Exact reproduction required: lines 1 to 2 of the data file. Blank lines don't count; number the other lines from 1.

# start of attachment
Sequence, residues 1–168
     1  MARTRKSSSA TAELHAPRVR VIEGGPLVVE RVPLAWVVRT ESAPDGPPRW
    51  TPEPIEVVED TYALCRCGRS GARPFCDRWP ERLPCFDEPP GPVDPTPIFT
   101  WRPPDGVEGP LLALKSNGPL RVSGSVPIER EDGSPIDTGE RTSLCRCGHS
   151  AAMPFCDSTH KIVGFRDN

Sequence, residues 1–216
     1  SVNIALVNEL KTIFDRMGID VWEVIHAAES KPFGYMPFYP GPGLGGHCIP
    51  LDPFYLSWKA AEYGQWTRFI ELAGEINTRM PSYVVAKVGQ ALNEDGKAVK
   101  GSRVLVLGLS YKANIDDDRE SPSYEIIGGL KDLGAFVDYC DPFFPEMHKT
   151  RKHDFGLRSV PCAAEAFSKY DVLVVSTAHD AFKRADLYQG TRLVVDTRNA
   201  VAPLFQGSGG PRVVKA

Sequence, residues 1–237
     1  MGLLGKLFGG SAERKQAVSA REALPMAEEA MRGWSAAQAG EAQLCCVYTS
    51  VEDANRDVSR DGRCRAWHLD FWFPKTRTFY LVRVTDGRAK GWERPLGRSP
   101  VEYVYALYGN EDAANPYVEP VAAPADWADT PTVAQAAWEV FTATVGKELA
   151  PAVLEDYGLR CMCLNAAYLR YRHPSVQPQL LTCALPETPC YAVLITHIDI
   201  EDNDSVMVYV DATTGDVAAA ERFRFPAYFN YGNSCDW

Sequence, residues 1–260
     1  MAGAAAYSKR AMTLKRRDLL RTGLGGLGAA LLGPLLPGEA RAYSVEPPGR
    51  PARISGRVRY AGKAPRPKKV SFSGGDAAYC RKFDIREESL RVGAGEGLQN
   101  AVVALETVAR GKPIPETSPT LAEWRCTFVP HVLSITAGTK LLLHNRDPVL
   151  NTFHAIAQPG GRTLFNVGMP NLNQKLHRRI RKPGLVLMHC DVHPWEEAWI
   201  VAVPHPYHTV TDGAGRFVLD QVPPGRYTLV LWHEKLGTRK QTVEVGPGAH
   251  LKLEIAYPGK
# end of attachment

Sequence, residues 1–168
     1  MARTRKSSSA TAELHAPRVR VIEGGPLVVE RVPLAWVVRT ESAPDGPPRW